All of this leads to the conclusion that Lazarus actors are not only exploiting common vulnerabilities to compromise Microsoft IIS servers (as discussed in the previous section), but they are also exploiting the trust that most systems place in these servers. applications to distribute malware. via compromised IIS servers.

How to protect your Microsoft IIS servers

The technical complexities and intricacies of these Lazarus attacks can obscure the rather fundamental nature of how they can occur in the first place. There is always an initial point of violation, and it’s surprising how often that point of violation comes down to ineffective patch management.

For example, a CISA Notice of March 2023 describes similar breaches of the US government’s Microsoft IIS servers that occurred when hackers exploited a vulnerability for which a patch has been available since 2020. The vulnerability, in this case, affected servers running Progress Telerik, a set user interfaces (User Interface). ) application development frameworks and tools.

So here’s what you can do to protect the Microsoft IIS servers running in your environment:

  • Implement effective patch management that keeps software up to date with the latest versions and patches, ideally using some form of automation.
  • Use a patch management solution that takes an accurate and complete inventory of all software running in your IT environment to avoid any missed patches or updates from so-called shadow IT.
  • Use least privilege for service accounts so that all services on your Microsoft IIS servers run only with the minimum necessary permissions.
  • Analyze network security logs from systems such as intrusion detection systems, firewalls, data loss prevention tools, and virtual private networks. Also analyze Microsoft IIS server logs and look for unexpected error messages indicating attempts to move lateral or write files to additional directories.
  • Harden user endpoints with specialized endpoint detection and response tools that can detect advanced attacks and evasion techniques of the type that Lazarus actors focus on.
  • Check the functionality of patches after you apply them, because sometimes a patch may not install correctly for various reasons, such as system compatibility issues, interruptions during installation, or software conflicts.

Finally, refine your approach to vulnerability management with continuous web application security testing. As demonstrated by the Lazarus attacks, common vulnerabilities in web applications hosted on Microsoft IIS can be exploited by adversaries to compromise the server, gain unauthorized access, steal data, or launch other attacks.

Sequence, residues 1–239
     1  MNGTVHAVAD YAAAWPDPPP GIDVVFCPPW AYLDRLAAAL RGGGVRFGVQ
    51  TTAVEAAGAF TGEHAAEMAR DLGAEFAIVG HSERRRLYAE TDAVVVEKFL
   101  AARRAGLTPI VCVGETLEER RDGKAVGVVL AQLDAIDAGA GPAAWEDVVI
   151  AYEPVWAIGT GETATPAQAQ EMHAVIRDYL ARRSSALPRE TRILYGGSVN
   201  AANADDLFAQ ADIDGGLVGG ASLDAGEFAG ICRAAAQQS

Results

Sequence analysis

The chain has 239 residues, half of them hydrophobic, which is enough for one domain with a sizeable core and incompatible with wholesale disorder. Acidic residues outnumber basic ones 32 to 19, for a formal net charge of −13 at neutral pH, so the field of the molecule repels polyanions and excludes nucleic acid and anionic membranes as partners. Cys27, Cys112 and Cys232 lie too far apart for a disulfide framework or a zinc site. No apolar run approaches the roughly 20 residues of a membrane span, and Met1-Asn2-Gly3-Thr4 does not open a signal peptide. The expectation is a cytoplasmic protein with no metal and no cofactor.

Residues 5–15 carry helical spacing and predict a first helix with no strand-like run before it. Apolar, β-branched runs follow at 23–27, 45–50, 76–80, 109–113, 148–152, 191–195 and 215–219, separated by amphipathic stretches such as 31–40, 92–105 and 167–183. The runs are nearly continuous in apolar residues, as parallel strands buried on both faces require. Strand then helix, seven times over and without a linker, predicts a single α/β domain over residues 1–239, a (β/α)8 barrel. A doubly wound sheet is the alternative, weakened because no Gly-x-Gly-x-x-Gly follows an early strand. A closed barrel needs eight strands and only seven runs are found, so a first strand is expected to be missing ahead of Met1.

Continuous testing of web applications ensures that with each change to your web applications or configurations, you reassess the security state of your infrastructure and detect vulnerabilities introduced during the changes.

Another advantage of continuous application security testing is the depth of its coverage. Manual pen testing of your web applications reveals technical and business logic flaws that automated scanners might miss. This coverage takes into account that traditional vulnerability scanners may have limitations in detecting vulnerabilities in certain cases, such as in atypical software installations where file paths may deviate from the norm. Traditional periodic security assessments can leave vulnerabilities undetected for months. A continuous approach significantly reduces the time between the introduction of a vulnerability and its discovery. Get Web Application Security Testing with SWAT Continuous web application security testing provides a proactive and effective solution for identifying and mitigating vulnerabilities in the applications you run on Microsoft IIS and the underlying server infrastructure. SWAT by Outpost 24 gives you automated analysis that provides continuous vulnerability monitoring along with contextual risk scoring to prioritize remediation efforts. You also have access to a team of highly trained and experienced testers who will scan your applications for vulnerabilities that are harder to detect with automated scanners. All these features are available in a single user interface with configurable notifications. Get a live demo of SWAT in action here and learn how you can achieve a deeper level of security monitoring and risk detection.